Remember when you were little? Like, REALLY little? Did your mother, father, grandparents, or other caregiver say nursery rhymes with you? Which was your favorite?
The one that I do most often with my daughter is "There Was An Old Woman"
"There was an old woman who lived in a shoe,
She had so many children, she didn't know what to do!
She gave them some broth without any bread,
Then scolded them soundly and sent them to bed."
Kind of a sad story. But my daughter gets so into the tone and facial expressions I use while telling it, that it's really become a bonding moment for us.
So, aside from building relationships over nonsensical (Hey Diddle Diddle), depressing (Ring Around the Roses), and trivial (Georgie Porgie) poems, why would we continue the tradition of sharing these nursery rhymes with our children?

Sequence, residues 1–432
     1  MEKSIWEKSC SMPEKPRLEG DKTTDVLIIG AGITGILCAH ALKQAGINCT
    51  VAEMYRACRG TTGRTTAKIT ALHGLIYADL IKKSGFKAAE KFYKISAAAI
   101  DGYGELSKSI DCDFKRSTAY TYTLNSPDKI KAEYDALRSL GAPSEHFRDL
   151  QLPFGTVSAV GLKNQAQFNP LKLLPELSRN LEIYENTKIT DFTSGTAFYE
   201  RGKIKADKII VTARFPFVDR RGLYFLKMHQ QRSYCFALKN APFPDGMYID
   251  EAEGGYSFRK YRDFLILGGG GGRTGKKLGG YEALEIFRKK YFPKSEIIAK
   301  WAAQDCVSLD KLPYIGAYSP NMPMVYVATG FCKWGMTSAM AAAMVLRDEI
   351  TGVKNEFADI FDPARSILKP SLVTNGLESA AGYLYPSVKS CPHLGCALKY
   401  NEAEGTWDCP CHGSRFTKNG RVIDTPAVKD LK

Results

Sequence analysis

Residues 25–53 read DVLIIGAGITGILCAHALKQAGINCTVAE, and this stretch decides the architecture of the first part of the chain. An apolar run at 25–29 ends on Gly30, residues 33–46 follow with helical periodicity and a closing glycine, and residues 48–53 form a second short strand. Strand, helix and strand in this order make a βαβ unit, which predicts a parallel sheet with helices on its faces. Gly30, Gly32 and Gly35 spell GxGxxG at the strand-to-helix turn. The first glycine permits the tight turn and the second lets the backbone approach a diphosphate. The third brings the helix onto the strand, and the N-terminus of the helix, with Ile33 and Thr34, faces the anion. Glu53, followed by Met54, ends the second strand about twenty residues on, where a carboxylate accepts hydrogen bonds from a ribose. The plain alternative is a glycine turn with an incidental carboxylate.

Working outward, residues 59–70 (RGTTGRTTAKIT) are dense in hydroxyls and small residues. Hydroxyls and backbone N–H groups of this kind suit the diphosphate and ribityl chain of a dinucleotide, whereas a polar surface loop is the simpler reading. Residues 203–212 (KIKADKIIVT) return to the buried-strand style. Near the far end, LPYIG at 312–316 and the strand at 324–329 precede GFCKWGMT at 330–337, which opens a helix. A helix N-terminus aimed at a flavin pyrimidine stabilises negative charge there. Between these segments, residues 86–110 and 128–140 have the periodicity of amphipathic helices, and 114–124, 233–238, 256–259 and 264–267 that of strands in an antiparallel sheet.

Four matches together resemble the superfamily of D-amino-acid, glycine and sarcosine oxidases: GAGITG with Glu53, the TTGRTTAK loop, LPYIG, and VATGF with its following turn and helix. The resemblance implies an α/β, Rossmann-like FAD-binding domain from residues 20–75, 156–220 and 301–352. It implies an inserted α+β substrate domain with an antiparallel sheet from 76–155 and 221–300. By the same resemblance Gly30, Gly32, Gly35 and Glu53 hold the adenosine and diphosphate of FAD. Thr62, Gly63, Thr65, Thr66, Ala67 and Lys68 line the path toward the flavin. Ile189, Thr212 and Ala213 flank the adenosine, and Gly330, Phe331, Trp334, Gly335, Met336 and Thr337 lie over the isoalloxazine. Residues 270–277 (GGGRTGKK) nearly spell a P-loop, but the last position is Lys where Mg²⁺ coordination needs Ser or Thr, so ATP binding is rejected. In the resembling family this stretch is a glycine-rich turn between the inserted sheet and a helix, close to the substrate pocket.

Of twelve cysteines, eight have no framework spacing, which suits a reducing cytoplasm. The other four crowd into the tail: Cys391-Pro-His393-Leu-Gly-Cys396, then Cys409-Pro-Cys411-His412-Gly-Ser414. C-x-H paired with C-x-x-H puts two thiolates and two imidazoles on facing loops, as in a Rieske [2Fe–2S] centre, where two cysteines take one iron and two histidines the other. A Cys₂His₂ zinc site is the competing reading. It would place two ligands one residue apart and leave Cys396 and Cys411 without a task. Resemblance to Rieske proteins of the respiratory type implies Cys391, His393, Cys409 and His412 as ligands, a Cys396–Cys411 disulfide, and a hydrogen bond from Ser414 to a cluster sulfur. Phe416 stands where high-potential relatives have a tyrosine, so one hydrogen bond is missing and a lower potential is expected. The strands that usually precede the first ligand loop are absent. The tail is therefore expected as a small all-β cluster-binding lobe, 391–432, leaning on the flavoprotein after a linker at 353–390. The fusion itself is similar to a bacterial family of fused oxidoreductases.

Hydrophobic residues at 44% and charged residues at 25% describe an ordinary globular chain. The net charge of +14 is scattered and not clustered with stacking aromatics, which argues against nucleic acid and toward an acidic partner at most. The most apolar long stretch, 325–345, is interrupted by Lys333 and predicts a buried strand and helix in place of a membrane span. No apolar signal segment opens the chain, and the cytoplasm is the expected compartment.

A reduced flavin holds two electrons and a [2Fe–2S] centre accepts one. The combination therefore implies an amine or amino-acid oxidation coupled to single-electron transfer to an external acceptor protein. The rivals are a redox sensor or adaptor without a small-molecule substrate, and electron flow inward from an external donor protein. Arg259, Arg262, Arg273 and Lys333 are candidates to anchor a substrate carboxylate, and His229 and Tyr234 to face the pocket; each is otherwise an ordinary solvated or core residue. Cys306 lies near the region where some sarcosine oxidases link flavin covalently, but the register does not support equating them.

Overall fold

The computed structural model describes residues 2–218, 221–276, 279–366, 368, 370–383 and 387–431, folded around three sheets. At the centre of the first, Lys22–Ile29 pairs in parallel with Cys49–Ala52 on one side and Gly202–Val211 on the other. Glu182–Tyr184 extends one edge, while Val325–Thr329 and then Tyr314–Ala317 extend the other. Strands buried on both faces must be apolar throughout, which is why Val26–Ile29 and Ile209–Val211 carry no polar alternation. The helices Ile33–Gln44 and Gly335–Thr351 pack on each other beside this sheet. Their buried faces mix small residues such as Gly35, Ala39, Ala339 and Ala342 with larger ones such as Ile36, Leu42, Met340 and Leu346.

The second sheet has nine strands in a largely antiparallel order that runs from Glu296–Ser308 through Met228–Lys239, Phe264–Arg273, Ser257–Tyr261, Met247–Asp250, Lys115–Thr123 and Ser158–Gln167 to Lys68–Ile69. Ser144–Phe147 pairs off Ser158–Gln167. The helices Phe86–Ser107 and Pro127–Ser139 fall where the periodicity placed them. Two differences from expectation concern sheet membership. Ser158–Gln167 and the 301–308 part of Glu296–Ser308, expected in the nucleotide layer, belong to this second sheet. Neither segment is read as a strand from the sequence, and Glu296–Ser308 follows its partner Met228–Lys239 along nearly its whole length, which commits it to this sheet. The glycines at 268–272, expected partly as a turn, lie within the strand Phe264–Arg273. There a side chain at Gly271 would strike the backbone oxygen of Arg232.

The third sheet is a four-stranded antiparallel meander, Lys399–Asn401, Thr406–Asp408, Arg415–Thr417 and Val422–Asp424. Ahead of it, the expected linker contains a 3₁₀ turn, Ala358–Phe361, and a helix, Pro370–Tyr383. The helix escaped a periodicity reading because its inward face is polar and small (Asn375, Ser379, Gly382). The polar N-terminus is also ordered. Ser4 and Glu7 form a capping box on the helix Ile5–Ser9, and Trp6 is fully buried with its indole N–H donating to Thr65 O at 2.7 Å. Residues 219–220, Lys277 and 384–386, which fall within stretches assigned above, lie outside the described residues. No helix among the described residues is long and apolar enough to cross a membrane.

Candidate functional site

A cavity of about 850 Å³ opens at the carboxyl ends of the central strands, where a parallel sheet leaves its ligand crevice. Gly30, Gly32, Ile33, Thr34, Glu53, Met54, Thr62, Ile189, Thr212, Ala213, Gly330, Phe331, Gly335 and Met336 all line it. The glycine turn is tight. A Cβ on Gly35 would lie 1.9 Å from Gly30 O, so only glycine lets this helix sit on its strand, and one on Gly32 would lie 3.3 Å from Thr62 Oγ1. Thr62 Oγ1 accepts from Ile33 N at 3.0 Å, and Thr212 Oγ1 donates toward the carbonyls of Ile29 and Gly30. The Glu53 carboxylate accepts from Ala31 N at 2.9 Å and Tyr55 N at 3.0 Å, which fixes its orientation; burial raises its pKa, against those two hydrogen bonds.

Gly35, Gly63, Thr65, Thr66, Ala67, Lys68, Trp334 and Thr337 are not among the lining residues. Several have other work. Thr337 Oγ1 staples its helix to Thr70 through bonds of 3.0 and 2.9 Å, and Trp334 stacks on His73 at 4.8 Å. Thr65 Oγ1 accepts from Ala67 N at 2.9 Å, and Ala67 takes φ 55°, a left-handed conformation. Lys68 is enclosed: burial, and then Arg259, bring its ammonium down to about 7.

"Experts in literacy and child development have discovered that if children know eight nursery rhymes by heart by the time they're four years old, they're usually among the best readers by the time they're eight." [Fox, M. (2001). Reading Magic. San Diego, CA: Harcourt.]
So keep on singing those lullabies and reciting nursery rhymes. Change the words if the topics are too dark and gruesome for your children ;-) But continue preparing your children to read and enter the world of books!